Cyprus rivals hold second day of UN talks
Rival Greek- and Turkish- Cypriot leaders held a second day of UN-brokered talks aiming for a breakthrough in efforts to reunite the divided Mediterranean island, officials said.
United Nations: Rival Greek- and Turkish-
Cypriot leaders held a second day of UN-brokered talks aiming for a breakthrough in efforts to reunite the divided Mediterranean island, officials said.
But organizers yesterday pushed back until today a planned
press conference with UN leader Ban Ki-moon, Demetris
Christofias, head of the internationally recognized Greek-Cypriot government, and Turkish-Cypriot leader Dervis
Ban has attended both days of the talks, but no details of
the second day of meetings at Greentree, in the New York
suburbs, were given.
Alexander Downer, the UN special envoy on Cyprus, said on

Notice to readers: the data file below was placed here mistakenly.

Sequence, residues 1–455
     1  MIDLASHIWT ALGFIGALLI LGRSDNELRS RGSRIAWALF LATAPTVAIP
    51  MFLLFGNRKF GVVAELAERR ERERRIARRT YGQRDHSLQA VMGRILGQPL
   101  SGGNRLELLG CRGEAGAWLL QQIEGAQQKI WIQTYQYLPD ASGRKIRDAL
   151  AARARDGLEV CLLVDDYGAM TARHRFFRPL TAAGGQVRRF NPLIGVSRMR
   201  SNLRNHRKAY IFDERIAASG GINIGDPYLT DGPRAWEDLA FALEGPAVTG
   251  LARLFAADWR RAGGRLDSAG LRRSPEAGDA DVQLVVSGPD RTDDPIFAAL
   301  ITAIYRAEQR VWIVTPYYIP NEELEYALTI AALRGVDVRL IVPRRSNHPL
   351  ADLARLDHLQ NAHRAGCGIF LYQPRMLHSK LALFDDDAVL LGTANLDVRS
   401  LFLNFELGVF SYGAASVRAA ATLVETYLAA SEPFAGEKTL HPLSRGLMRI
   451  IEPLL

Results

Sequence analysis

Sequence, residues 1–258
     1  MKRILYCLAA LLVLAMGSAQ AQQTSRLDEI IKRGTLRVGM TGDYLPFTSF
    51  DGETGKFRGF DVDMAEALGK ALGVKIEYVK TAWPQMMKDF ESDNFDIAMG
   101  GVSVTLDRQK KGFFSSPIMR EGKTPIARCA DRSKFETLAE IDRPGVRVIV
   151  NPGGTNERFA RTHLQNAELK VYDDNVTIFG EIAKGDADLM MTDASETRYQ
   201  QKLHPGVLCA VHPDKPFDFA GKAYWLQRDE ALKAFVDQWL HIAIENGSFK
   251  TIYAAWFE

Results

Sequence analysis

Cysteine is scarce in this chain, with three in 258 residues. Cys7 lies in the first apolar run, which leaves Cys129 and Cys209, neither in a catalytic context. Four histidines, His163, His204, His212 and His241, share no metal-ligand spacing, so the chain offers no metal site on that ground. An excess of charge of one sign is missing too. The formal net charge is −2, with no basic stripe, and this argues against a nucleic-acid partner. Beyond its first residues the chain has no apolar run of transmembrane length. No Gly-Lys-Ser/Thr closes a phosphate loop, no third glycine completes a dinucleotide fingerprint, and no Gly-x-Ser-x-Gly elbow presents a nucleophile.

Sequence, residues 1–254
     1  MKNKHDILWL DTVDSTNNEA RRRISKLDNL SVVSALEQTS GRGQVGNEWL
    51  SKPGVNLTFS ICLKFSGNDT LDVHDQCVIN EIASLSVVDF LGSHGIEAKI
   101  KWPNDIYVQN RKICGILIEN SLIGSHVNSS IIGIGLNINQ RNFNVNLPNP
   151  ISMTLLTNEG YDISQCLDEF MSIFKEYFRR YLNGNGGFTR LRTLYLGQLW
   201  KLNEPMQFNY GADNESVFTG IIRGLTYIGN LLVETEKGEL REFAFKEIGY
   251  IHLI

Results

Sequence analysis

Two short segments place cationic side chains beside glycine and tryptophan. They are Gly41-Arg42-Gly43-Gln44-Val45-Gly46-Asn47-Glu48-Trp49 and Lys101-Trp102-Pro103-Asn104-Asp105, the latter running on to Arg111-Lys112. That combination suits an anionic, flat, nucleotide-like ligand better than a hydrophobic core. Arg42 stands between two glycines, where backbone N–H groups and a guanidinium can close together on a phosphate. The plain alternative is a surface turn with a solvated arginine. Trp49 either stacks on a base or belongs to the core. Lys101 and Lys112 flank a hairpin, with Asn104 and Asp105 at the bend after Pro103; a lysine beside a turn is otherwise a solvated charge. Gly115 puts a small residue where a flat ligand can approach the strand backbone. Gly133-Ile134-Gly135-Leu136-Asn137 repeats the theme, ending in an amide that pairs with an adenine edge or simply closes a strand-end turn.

Sunday that the talks had been "positive, productive and
The two sides face growing pressure from the United
Nations and European Union to reach an agreement. Ban is to decide on the future of the UN efforts to bring them together at the end of the Greentree meetings.
The key sticking points have included territorial
adjustments, security arrangements and property rights.
Cyprus has been divided since 1974 when Turkish troops
occupied the northern third in response to an Greek-inspired
coup in Nicosia aimed at union with Greece. Only Turkey
recognizes the Turkish Republic of Northern Cyprus.